Review of Flying Lotus' album 'Los Angeles' released through Warp.
An early indicator that hip hop producer Steven Ellision (A.K.A. Flying Lotus) is a force to be reckoned with is the ease at which he has stepped out of the imposing shadow cast by his great aunt and Jazz great, Alice Coltrane (wife of a certain John). Taking his dynastic urges and melting them into rhythms and sounds garnered from every corner of the globe, FlyLo extends the already distended atmospherics of his breakout release, The Reset EP, on his first Warp long player, Los Angeles. It would be easy to pigeonhole this record as 'broken-beat' or a more sombre, glitchy take on the 'wobbly' jazz beats made popular by Mr Scruff in the 90's. The overall aesthetic is better approached as an application of free jazz principles (improvisation, spontaneity, experimentation) to instrumental hip hop, but with little direct recourse to jazz music per se, and the result is a brilliant if sometimes unpalatable record that finds a unique place for itself above and beyond the cavalcade of sonic histories that it brings together.
The considerable soundscapes are built around a totem of African djembe rhythms, dub-step sparsness, Baile grooves and deep beat production that find reference points in Doctor Octagon, Madlib and Kode9, but the sheer scope and the restless, non-linear shifts in tone and tempo render any comparison both inappropriate and futile. 'Breathe. Something/Stellar Star' introduces the recurrent theme of the natural world, with the lazy, pounding bass drum and lilting, mesmeric keys surrounded on all sides by whirrs, bleeps and flutters that evoke the night time activity of a dense rainforest or great plain. The middle section of 'Comet Course', 'Orbit 405' and 'Golden Diva' uses the solar system as a template. Fuzzy frequencies, attacking rimshots, undulating bass and short, sharp electric stabs create an other-worldly aesthetic that emerges effortlessly. We are brought sharply back down to earth with the brooding, pulsating dubstep of 'Riot' and the boom-bap adroitness channelled through 'GNG BNG', and end up dancing somewhere between France and Brazil during the cowbell shuffle and house keyboard riff of 'Parisian Goldfish'. The albums jazz influence is most keenly felt on 'Testament (feat Gonja Sufi)', which features a slow, uncomfortable swing beat that is underscored by menacing double bass. The part gospel, part jazz vocal strikes fear into the expertly created spaces. The standout track, perhaps. Proceedings are brought to a close by the off-beat lullaby of 'Auntie's Lock/Infinitum (feat Laura Darlington)'. The choral vocal, subtle keys and gentle hi hats resolve the Flying Lotus biosphere in rest.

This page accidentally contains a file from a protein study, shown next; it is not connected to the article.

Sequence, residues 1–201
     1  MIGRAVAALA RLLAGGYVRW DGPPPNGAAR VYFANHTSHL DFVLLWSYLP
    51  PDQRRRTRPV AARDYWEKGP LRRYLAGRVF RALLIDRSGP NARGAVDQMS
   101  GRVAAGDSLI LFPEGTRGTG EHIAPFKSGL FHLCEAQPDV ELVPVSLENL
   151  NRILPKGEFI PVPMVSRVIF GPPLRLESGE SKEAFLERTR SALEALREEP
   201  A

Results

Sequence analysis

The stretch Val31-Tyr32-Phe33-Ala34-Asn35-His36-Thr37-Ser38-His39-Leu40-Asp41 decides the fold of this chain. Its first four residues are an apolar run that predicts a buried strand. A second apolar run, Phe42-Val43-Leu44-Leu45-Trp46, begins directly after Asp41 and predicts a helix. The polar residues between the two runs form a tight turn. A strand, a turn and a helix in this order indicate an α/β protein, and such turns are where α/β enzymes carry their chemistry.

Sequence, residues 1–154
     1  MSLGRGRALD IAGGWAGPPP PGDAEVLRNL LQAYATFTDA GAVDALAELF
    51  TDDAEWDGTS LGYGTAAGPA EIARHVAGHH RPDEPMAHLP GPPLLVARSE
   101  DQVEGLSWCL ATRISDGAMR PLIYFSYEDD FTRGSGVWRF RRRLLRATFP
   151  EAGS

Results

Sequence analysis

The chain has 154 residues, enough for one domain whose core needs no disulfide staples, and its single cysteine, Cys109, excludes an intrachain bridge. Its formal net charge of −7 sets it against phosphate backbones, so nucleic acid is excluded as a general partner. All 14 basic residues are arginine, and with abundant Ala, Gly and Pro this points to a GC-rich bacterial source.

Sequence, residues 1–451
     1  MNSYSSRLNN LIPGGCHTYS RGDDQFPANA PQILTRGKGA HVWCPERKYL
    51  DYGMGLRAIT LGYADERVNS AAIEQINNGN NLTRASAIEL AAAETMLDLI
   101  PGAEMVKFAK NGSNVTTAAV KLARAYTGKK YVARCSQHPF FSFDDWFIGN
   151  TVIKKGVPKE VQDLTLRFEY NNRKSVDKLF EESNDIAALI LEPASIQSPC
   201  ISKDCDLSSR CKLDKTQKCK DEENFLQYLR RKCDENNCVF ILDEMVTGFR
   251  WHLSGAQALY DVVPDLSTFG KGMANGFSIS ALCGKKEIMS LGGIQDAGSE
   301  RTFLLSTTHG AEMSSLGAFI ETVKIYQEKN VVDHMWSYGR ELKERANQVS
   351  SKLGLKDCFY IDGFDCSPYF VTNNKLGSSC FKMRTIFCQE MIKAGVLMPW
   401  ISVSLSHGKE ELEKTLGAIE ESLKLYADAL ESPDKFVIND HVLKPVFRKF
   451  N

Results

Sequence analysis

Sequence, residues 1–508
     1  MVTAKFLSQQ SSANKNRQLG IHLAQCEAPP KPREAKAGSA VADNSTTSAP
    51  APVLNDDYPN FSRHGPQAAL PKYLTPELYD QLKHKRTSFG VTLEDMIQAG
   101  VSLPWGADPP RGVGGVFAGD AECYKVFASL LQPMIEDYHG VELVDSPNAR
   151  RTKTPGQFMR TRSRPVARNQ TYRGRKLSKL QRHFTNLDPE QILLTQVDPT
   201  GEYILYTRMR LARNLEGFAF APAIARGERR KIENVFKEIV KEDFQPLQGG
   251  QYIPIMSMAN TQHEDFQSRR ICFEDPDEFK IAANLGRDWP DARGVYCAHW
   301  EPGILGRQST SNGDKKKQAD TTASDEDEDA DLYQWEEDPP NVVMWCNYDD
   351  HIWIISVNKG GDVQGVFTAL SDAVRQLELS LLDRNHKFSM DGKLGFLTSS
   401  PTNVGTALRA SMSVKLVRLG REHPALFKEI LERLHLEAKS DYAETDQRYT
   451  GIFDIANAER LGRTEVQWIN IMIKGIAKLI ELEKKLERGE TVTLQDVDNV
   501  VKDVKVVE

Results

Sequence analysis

Lotus starts from a place that predates recorded sound, displaying a deep understanding for the texture of natural bass, rather than copying or reinterpreting 'bass sounds' from recorded music. His innate grasp of the link between natural vibrations and instrumentation, and his unwillingness to provide the listener with an easy route into his world, result in each song revealing itself gradually over a number of listens, and slowly drifting into place as if naturally emanating from a source to which only he has access, and for which we feel grateful for being allowed a momentary glimpse into. A future classic.